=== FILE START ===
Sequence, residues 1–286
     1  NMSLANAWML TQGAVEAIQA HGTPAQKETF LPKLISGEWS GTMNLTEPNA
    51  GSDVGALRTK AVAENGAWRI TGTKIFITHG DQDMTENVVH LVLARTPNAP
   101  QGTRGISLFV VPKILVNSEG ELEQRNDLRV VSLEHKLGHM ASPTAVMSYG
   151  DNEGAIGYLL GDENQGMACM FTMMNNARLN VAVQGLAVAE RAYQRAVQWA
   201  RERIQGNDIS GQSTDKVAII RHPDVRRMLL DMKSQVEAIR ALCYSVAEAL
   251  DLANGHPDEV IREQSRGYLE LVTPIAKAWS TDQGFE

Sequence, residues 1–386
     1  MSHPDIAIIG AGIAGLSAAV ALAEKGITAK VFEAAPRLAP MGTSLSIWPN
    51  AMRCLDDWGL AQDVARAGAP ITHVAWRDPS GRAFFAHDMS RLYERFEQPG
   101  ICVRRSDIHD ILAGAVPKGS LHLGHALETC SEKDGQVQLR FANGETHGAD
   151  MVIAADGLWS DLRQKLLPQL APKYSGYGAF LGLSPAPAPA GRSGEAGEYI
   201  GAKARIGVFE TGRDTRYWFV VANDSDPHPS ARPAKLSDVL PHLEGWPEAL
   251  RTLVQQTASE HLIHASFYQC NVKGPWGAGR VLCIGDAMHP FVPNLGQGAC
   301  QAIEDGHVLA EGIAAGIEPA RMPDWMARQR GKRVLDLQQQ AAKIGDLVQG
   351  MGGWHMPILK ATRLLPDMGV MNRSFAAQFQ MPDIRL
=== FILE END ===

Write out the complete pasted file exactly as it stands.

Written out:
Sequence, residues 1–286
     1  NMSLANAWML TQGAVEAIQA HGTPAQKETF LPKLISGEWS GTMNLTEPNA
    51  GSDVGALRTK AVAENGAWRI TGTKIFITHG DQDMTENVVH LVLARTPNAP
   101  QGTRGISLFV VPKILVNSEG ELEQRNDLRV VSLEHKLGHM ASPTAVMSYG
   151  DNEGAIGYLL GDENQGMACM FTMMNNARLN VAVQGLAVAE RAYQRAVQWA
   201  RERIQGNDIS GQSTDKVAII RHPDVRRMLL DMKSQVEAIR ALCYSVAEAL
   251  DLANGHPDEV IREQSRGYLE LVTPIAKAWS TDQGFE

Sequence, residues 1–386
     1  MSHPDIAIIG AGIAGLSAAV ALAEKGITAK VFEAAPRLAP MGTSLSIWPN
    51  AMRCLDDWGL AQDVARAGAP ITHVAWRDPS GRAFFAHDMS RLYERFEQPG
   101  ICVRRSDIHD ILAGAVPKGS LHLGHALETC SEKDGQVQLR FANGETHGAD
   151  MVIAADGLWS DLRQKLLPQL APKYSGYGAF LGLSPAPAPA GRSGEAGEYI
   201  GAKARIGVFE TGRDTRYWFV VANDSDPHPS ARPAKLSDVL PHLEGWPEAL
   251  RTLVQQTASE HLIHASFYQC NVKGPWGAGR VLCIGDAMHP FVPNLGQGAC
   301  QAIEDGHVLA EGIAAGIEPA RMPDWMARQR GKRVLDLQQQ AAKIGDLVQG
   351  MGGWHMPILK ATRLLPDMGV MNRSFAAQFQ MPDIRL